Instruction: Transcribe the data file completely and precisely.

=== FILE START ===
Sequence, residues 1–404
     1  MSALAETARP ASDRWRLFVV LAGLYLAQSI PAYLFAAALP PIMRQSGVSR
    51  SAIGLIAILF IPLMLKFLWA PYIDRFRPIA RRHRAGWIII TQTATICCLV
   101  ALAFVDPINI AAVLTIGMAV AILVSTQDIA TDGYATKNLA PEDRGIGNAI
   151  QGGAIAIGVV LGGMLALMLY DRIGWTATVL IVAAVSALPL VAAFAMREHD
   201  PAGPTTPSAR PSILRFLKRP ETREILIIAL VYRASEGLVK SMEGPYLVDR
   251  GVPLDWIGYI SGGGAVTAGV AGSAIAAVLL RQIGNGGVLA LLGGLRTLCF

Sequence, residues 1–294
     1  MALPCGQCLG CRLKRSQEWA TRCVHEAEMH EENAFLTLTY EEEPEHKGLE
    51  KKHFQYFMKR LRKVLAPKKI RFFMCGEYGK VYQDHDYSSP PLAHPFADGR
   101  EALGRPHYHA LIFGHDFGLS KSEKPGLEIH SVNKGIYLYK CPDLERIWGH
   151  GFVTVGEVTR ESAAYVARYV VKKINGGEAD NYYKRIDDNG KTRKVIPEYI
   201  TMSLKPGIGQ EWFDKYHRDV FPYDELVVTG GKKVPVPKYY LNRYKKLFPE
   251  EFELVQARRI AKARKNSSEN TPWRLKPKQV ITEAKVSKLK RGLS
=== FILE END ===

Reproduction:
Sequence, residues 1–404
     1  MSALAETARP ASDRWRLFVV LAGLYLAQSI PAYLFAAALP PIMRQSGVSR
    51  SAIGLIAILF IPLMLKFLWA PYIDRFRPIA RRHRAGWIII TQTATICCLV
   101  ALAFVDPINI AAVLTIGMAV AILVSTQDIA TDGYATKNLA PEDRGIGNAI
   151  QGGAIAIGVV LGGMLALMLY DRIGWTATVL IVAAVSALPL VAAFAMREHD
   201  PAGPTTPSAR PSILRFLKRP ETREILIIAL VYRASEGLVK SMEGPYLVDR
   251  GVPLDWIGYI SGGGAVTAGV AGSAIAAVLL RQIGNGGVLA LLGGLRTLCF

Sequence, residues 1–294
     1  MALPCGQCLG CRLKRSQEWA TRCVHEAEMH EENAFLTLTY EEEPEHKGLE
    51  KKHFQYFMKR LRKVLAPKKI RFFMCGEYGK VYQDHDYSSP PLAHPFADGR
   101  EALGRPHYHA LIFGHDFGLS KSEKPGLEIH SVNKGIYLYK CPDLERIWGH
   151  GFVTVGEVTR ESAAYVARYV VKKINGGEAD NYYKRIDDNG KTRKVIPEYI
   201  TMSLKPGIGQ EWFDKYHRDV FPYDELVVTG GKKVPVPKYY LNRYKKLFPE
   251  EFELVQARRI AKARKNSSEN TPWRLKPKQV ITEAKVSKLK RGLS